by Dean Witherspoon   Dean's profile on LinkedIn  

Although “hanging chads” from the 2000 Presidential election haven’t come into play since (thankfully), every year there’s some confusion about the proper way to cast votes. The challenge highlights what veteran well-being managers have known for years: people miss a lot, don’t read thoroughly, and often fail to ask for help when they’re unsure what to do next. These problems usually can be caught and corrected with simple usability tests.

Would Mom Get It?
The reality check we often use at HES for testing new materials, websites, or promotional tools is “Would Mom get it?” The idea is to see whether someone not typically exposed to the thing you’re testing would easily grasp what you want them to do.

It’s enormously instructive to ask someone who’s never logged physical activity to record it on a new online logging tool you’ve designed. You’ll find out within seconds if you’ve done a good job. What you won’t necessarily find is how to fix it. That usually requires another attempt and a new test — with new testers. Just as your programs and promotions should be straightforward, keep your usability testing simple. Some guidelines:

  • Break it into manageable parts. The smaller your test, the more likely you are to catch all the problems.

  • Use multiple testers. In most instances you’ll catch 85% of the problems with your first tester. But if you don’t confirm that single test there’s no way to be sure the results are valid. Use no fewer than 3 subjects in your tests — up to 5 if the results are even a little in question.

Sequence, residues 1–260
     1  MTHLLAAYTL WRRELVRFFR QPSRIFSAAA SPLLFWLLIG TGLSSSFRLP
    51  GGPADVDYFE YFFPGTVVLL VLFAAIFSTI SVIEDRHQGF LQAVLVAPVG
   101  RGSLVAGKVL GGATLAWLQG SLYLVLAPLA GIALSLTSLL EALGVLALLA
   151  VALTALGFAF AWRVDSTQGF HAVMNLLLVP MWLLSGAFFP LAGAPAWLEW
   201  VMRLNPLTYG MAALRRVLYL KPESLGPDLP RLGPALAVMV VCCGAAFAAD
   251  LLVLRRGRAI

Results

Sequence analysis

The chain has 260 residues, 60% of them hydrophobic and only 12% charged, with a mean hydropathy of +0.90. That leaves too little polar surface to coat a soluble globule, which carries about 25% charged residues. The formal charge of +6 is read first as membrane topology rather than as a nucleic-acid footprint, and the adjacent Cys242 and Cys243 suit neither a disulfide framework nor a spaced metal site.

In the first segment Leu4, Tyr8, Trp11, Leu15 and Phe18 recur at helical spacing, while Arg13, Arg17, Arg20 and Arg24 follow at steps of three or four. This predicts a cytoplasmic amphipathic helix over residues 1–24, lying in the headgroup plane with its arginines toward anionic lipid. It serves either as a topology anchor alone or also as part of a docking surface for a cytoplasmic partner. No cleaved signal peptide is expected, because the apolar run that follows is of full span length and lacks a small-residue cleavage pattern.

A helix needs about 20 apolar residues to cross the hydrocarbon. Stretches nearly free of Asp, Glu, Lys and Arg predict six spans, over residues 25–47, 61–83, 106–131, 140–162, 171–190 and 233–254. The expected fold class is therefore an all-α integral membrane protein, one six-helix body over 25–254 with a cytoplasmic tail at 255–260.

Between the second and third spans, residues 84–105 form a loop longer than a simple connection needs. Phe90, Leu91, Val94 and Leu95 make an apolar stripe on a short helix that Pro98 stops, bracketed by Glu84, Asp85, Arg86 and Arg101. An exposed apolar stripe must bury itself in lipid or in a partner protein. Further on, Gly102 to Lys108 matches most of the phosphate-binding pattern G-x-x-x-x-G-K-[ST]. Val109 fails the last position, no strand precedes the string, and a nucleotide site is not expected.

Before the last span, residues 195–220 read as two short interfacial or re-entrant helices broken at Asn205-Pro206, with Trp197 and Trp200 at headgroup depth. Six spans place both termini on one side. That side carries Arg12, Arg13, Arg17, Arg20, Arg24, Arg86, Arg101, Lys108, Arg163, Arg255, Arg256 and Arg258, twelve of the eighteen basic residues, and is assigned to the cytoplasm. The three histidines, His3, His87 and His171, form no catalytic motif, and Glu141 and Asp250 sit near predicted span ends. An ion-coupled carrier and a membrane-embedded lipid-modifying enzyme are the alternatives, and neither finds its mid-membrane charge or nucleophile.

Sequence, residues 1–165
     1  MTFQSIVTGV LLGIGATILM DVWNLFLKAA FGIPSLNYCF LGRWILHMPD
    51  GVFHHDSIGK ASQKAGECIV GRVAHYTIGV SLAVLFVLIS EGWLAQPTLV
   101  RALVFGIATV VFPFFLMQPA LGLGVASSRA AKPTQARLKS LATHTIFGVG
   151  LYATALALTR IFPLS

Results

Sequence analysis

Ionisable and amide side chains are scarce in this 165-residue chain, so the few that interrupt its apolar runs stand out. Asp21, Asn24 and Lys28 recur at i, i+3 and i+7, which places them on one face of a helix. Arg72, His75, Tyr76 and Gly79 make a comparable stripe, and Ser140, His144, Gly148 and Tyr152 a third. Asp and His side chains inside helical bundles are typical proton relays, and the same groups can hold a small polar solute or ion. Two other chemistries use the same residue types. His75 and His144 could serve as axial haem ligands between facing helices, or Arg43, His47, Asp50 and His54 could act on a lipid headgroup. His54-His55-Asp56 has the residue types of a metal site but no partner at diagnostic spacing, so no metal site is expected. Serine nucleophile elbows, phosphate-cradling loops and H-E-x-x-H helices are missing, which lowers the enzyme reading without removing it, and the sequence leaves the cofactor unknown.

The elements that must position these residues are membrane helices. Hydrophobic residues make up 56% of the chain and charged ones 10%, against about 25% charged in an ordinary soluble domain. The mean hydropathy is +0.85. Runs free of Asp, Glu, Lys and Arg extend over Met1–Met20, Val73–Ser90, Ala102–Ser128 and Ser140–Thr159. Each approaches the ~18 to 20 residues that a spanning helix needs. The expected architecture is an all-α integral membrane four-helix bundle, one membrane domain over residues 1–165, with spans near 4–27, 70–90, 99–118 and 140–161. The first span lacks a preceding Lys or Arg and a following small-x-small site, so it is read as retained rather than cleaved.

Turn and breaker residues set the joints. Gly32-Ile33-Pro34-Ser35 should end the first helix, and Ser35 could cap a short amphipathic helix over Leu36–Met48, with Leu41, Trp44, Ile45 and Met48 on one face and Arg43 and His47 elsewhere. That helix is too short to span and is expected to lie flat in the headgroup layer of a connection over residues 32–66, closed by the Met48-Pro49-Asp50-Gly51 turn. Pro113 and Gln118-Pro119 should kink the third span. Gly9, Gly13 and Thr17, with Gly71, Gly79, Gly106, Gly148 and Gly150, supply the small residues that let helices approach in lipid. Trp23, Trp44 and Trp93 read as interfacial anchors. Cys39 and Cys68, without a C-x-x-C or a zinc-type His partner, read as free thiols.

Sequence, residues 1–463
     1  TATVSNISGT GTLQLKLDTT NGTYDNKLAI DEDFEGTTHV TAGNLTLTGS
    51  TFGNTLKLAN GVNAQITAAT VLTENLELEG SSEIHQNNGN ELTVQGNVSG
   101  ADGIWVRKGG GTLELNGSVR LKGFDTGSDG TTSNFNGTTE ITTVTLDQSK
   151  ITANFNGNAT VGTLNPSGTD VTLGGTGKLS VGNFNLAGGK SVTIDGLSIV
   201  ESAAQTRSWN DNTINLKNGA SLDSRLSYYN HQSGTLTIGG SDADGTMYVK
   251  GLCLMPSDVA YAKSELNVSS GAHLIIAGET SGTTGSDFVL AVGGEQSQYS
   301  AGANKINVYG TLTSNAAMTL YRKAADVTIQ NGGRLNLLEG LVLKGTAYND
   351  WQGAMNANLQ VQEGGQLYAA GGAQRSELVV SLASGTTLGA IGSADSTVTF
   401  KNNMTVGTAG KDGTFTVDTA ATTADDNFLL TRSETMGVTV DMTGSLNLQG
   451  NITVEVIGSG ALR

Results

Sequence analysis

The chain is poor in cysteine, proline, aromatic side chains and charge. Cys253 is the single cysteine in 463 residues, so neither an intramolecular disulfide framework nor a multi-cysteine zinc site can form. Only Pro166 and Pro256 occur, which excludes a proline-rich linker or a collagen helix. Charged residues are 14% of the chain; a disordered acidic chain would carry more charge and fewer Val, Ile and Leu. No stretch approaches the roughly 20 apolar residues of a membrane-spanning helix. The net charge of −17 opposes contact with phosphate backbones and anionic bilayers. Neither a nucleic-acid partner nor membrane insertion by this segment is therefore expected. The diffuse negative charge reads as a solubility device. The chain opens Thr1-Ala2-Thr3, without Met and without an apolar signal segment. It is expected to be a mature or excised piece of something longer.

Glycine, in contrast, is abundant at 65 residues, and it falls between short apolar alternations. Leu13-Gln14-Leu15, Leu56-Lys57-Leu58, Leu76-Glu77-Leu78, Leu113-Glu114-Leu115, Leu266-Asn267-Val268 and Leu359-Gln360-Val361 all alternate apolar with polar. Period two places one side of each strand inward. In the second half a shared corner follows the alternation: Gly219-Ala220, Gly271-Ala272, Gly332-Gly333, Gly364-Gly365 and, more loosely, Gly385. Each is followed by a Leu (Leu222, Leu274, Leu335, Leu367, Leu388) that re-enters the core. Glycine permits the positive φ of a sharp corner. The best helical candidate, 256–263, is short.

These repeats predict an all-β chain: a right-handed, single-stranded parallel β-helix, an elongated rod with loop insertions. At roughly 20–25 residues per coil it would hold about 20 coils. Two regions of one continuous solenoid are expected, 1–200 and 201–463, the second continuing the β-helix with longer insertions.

• Test early and often. Don’t wait until you’ve completed a whole program or website. It’s easier and less expensive to test earlier in the design. It may seem like you’re delaying development, but you’ll save time in the long run by not having to redo multiple elements at the end.

  • Redesign, then test again. Small, early, and frequent tests will reveal weaknesses and may suggest some fixes. But you won’t know if your fixes worked until you test them.

  • Observe. You can learn a lot just by paying attention. Resist the temptation to give guidance or answers when testers get stuck. The more you solve for the tester, the more you leave open to question for yourself — which can nullify the whole testing process.

Usability testing isn’t a luxury; it’s required if you want to ensure great health promotion products and services. 

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